The Supremes, after a blockbuster term this year, are taking off for their splendid, traditional European vacations, a.k.a. teaching gigs, next month courtesy of various law schools’ summer programs abroad. As usual, the Alps are a popular venue for this intense legal study.

Chief Justice John G. Roberts Jr. , after a stop at a judicial conference at the Greenbriar resort this weekend, is off to exquisite Prague for a couple of weeks, thanks to a program by a consortium of law schools.

Justice Clarence Thomas is headed to a program in Innsbruck, Austria, run by San Antonio’s St. Mary’s University — his first time there, although he is the fifth member of this court to attend.

Justices Anthony M. Kennedy and Elena Kagan are off to the University of the Pacific’s program in stunning Salzburg, Austria. Her first time, his 23rd.

Justice Antonin Scalia is on tap to teach judicial writing at Duke. With all due respect to the other justices, this is one not to miss. (See his dissent in the same-sex marriage case referring to “legalistic argle-bargle.”) He’s then on to Penn State’s program in Florence, Italy. Che bello!

Justice Ruth Bader Ginsburg is lecturing at Tulane’s program, which is conveniently located in Paris.

And Justice Stephen G. Breyer may not have European plans, but he and Kagan are expected in the Rockies at the Aspen Institute.

The court had no information Thursday on summer plans for Justices Samuel A. Alito Jr. and Sonia Sotomayor.

Real page-turners

We’ve been hearing much concern lately about the number of pages in the immigration bill the Senate adopted Thursday and in an amendment authored by Sens. Bob Corker (R-Tenn.) and John H. Hoeven III (R-N.D.).

Good time for a little reminder about official bill text: It ain’t like regular pages, people. The margins are huge. There are far fewer words per page of legislation than on those of your average novel.

It’s the equivalent of those wide-ruled sheets kids write on to practice their penmanship (or used to, back when such things mattered).

The Hoeven-Corker measure is 114 pages; the whole bill is about 1,200. The Loop noted a while back that the immigration bill, then 800 pages, was, in fact, a lighter read than most Harry Potter books. And our pal the Fact Checker roundly smacked down the idea that no one’s had the chance to read the entire darned thing.

To help folks visualize it, at right are the first two pages of the Corker-Hoeven amendment to give readers a flavor of how light on actual words a page of legislation actually is.

Pretty breezy, even by standards of summer beach reads.

Allies in a tokin’ effort

Odd couple alert! Move over, Oscar and Felix: Grover Norquist is a conservative Republican in a suit and a banker’s tie. Rep. Jared Polis (D-Colo.) is an openly gay liberal who goes in for the collarless-shirt-under-a-blazer look.

While it’s a little early to call these two very different guys BFFs, they at least both appeared last week at a lobbying day on Capitol Hill for students and other activists advocating the decriminalization of marijuana.

Nothing like pot to bring folks together, right? (Hey, it helped unite the popular girl, the jock, the nerd, and the misfit in the ’80s flick The Breakfast Club, which is practically scientific evidence of its powers.)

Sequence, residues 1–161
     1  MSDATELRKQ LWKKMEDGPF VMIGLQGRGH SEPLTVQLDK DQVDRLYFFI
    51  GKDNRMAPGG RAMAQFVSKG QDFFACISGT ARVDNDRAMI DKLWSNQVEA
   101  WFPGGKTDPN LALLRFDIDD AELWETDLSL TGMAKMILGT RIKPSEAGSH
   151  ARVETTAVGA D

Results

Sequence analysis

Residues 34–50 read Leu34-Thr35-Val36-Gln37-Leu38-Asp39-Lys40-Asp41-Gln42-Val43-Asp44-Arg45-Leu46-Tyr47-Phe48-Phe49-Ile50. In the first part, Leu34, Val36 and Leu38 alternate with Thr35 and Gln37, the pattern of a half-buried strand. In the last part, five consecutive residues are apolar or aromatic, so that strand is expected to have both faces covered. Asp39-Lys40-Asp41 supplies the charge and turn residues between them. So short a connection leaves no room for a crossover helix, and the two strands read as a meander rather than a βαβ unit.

Norquist comes at the issue from a libertarian bent. “A lot of folks . . . across the political spectrum recognize this as a federalism issue,” Norquist told the crowd gathered for the event, which was sponsored by Students for Sensible Drug Policy.

“Marijuana legalization is something that should be a conservative issue, and Grover is helping to bolster that argument,” says the student group’s executive director, Aaron Houston , who helped organize the event (and snapped a photo with the pair). “The end is nigh!”

Polis says he, too, welcomes support for the issue — even if it comes from an unlikely source. “We will take all the help we can get to decriminalize marijuana,” Polis tells the Loop.

Senate clears Foxx

The Senate on Thursday voted 100-0 to approve the nomination of Charlotte Mayor Anthony Foxx as transportation secretary.

The unanimous vote was a rarity for a Cabinet appointee.

Foxx, whose confirmation process was smooth, drew national attention when his city hosted the 2012 Democratic National Convention. As we’ve noted, at 42, Foxx will be the youngest member of the Obama Cabinet.

He’ll replace Ray LaHood at the helm of DOT.

Foxx’s confirmation leaves two Cabinet nominees pending in the Senate: Tom Perez for secretary of labor and Gina McCarthy to head the Environmental Protection Agency.

McCarthy, whose nomination was already meeting with some Republican resistance in the Senate, might have an even tougher time getting approved now that President Obama has revealed a climate-change agenda that’s ticking off Republicans. As our colleague Juliet Eilperin reports: “Now that the president is proceeding with regulating greenhouse gas emissions from existing power plants, Senate Republicans are likely to be even tougher on McCarthy, who informed them in April the agency was not drafting such regulations.”

More diplomatic choices

The diplomatic corps is beefing up — for the third straight week, President Obama named nominees to embassies around the globe.

This week, the slate included the Democratic National Committee’s executive director, Patrick Gaspard , who will be the new ambo in South Africa. It had long been expected that Gaspard, a former White House political director, would get the coveted gig.

Also getting ambassadorial jobs were two major Obama donors: Miami lawyer Kirk Wagar to Singapore (as the Loop predicted) and Texas philanthropist Alexa Wesner to Austria.

Obama has also nominated renewable energy champion Ron Binz, a former Colorado utility regulator, to head the Federal Energy Regulatory Commission.

With Emily Heil

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